Vote Leave attacks European commission spending on jets and hotels


Vote Leave has challenged the European commission to explain five- and six-figure spending by Brussels officials on private jets , luxury hotels and an elite chauffeur service.

According to a European Union financial transparency system, commission staff spent €22,193 (£17,610) staying at the five-star Shangri-La hotel in Singapore and €54,677 at the five-star Stamford hotel in Brisbane in 2014.

Other expenses listed that year include €439,341 on Abelag/Luxaviation, a luxury private jet provider, and €23,696 on chauffeur taxi services.

Priti Patel, a Brexit campaigner, said European commission officials were “getting away with living the high life at our expense”.

Other European commission spending included €2,228 at the Restaurant de Watermolen in Antwerp and €7,450 at the Jean Monnet and Altiero Spinelli dining rooms of the Atelier Euro in Brussels, €2,500 at the European Golf Club and €907 at Club Zaudin Golf.

The European commission did not deny the figures, although it said some other expense items cited by Vote Leave were “simply absurd and some inaccurate”.

A spokesman said: “EU officials travel for work, the vast majority of the time in economy class and bound by strict rules. They have to pay upfront and are only reimbursed afterwards, if those strict rules allow it.

“Only the president and commissioners have permission to use (rented) private planes and it is the exception rather than the rule for use when scheduled air travel would be more expensive or does not allow them to meet the itineraries they need to meet.”

It is understood that some of the hotel expenditure was for staying at official locations for international summits. For example, the Stamford hotel was the accommodation designated for the European commission delegation during a G20 summit in Brisbane. Other spending on restaurants is likely to be for official functions.

However, Patel said the spending uncovered by Vote Leave was unacceptable. “Most families have been hit hard since the financial crisis, having to tighten their belts to make ends meet. But EU officials are using our money to fund their jollies and exorbitant expense claims,” she said.

“The only way to stop your money being spent in this way by EU bureaucrats is to vote leave on 23 June. If we leave the EU we can take back control of the £350m a week we send to Brussels and instead we can spend it on our priorities like the NHS.”

The dossier is likely to be inflammatory at a time when UK voters are deciding whether to leave the EU. The European commission, headed by president Jean-Claude Juncker, is the civil service of the EU and is based in Brussels. It is separate from the European parliament, which is made up of elected MEPs whose expenses are accounted for separately.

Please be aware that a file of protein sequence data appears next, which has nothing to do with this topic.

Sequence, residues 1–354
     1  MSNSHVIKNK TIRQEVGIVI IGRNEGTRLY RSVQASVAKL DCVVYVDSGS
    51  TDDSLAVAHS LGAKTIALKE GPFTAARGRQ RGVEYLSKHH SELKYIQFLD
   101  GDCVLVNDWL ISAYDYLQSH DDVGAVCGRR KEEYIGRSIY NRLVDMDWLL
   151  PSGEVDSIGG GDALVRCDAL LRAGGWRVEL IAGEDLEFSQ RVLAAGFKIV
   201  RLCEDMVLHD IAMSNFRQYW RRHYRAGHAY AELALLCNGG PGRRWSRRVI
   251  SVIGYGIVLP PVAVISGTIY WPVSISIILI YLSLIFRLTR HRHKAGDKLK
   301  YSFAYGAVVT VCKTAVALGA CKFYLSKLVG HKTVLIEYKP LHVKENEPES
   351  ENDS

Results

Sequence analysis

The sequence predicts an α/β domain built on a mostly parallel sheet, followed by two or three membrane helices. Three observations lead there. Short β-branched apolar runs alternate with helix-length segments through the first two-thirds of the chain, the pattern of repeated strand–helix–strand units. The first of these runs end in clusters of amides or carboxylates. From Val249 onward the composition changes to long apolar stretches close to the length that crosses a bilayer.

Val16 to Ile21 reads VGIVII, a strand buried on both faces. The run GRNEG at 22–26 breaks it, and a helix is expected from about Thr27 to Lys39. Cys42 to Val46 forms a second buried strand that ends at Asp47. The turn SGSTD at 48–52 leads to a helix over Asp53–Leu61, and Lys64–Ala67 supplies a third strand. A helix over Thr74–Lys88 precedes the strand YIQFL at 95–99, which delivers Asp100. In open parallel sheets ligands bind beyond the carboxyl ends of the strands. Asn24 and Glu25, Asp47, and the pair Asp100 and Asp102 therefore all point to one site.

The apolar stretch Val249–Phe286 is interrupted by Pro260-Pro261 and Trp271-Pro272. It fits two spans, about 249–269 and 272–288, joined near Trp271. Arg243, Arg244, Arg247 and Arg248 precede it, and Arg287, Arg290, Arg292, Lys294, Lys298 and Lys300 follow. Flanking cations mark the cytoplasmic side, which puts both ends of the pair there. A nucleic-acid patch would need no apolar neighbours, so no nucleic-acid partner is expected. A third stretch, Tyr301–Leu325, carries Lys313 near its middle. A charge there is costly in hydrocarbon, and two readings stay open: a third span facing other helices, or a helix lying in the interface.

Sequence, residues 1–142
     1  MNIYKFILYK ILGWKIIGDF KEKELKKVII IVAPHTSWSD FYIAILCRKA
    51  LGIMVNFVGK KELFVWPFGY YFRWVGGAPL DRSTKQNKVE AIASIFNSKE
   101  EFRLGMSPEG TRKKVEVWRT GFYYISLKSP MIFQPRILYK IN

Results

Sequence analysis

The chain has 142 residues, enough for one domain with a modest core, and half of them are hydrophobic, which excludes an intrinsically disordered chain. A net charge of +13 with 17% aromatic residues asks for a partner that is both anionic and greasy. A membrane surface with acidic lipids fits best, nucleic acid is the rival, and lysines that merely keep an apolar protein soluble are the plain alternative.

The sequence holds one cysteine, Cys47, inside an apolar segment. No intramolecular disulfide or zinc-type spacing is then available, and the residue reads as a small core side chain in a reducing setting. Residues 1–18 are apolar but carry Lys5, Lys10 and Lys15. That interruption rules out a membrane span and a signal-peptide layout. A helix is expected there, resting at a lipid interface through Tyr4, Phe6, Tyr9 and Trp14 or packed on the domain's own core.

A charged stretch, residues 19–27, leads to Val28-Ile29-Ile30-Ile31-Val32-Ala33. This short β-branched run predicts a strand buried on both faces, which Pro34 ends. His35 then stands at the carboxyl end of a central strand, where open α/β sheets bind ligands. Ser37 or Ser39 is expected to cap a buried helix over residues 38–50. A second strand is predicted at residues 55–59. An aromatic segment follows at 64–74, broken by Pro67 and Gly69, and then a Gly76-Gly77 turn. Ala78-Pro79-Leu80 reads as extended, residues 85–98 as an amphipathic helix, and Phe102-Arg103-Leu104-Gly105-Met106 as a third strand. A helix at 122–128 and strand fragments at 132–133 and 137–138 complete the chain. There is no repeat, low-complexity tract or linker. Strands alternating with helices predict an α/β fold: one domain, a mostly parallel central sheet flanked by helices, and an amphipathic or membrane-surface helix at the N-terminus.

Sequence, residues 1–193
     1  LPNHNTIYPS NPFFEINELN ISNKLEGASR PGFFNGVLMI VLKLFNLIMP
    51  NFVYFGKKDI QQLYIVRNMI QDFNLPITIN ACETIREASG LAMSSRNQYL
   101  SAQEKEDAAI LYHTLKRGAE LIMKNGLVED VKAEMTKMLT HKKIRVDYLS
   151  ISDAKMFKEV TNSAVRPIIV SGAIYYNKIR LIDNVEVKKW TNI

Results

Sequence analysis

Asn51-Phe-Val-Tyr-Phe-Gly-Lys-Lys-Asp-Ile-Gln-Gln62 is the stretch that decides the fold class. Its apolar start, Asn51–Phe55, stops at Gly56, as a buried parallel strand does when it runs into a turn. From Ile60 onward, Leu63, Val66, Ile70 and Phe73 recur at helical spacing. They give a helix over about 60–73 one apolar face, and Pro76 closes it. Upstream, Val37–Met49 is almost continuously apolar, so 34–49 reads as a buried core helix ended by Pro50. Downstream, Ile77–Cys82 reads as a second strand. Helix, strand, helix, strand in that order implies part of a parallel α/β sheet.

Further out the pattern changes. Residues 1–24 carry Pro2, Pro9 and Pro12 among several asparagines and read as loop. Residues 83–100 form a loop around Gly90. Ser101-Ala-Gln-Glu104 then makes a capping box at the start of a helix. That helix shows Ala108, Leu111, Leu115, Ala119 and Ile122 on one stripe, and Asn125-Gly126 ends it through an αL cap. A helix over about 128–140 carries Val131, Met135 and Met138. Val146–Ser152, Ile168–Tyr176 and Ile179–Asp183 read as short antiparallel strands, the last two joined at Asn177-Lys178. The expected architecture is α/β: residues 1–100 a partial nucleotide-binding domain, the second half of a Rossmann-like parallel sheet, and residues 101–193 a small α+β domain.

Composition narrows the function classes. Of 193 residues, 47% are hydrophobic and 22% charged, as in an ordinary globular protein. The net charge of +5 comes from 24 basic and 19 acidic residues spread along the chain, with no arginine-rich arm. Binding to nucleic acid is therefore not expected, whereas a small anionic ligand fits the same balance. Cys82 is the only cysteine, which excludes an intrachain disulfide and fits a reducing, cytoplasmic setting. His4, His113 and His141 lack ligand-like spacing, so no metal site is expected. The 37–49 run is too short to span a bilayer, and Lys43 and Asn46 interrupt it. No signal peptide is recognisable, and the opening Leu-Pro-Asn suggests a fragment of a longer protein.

This year Juncker said the commission would largely stay out of the EU referendum debate in Britain. However, last month he warned that “deserters” would not be welcomed back if the UK voted to leave.

“If the British should say no, which I hope they don’t, then life in the EU will not go on as before,” he said. “The UK will have to accept being regarded as a third country, which won’t be handled with kid gloves.

“If the British leave Europe, people will have to face the consequences – we will have to, just as they will. It’s not a threat but our relations will no longer be what they are today.”

European politicians and officials have begun to be more outspoken about the potential consequences of the UK leaving since the polls in the contest have narrowed, with leave appearing to overtake remain.

Donald Tusk, president of the European Council, said on Monday that if Britain votes to leave it could be the “beginning of the destruction of not only the EU but also of western political civilisation in its entirety”.

In an interview with the German newspaper Bild, Tusk said Brexit would boost radical anti-European forces who would be “drinking champagne” to celebrate.

“Why is it so dangerous? Because no one can foresee what the long-term consequences would be,” he said.

Spending on luxuries by the European commission was first uncovered in 2011 by the Bureau of Investigative Journalism. It found that the office of José Manuel Barroso, then president of the commission, racked up a €249,000 bill for private jets in a nine-month period during which he attended the 2009 UN convention on climate change.

The bureau also found that Barroso and 35 others spent €28,000 at the luxury Peninsula New York hotel during the visit to the climate convention. It found that public money was used to fund a €75,000 cocktail party at a science conference, Discovery 09, which was “filled with wonder like no other … with trendy cocktails, surprising performances and top DJs”, while much of Europe was in the grip of recession.

The commission funded €300,000 worth of events described in internal documents as cocktail parties in the same year. At least a further €1.2m was spent on hotel and conference costs in 2009, including stays in San Diego, Prague and Balmoral.

Powered by article was written by Rowena Mason Political correspondent, for The Guardian on Monday 13th June 2016 22.00 Europe/London © Guardian News and Media Limited 2010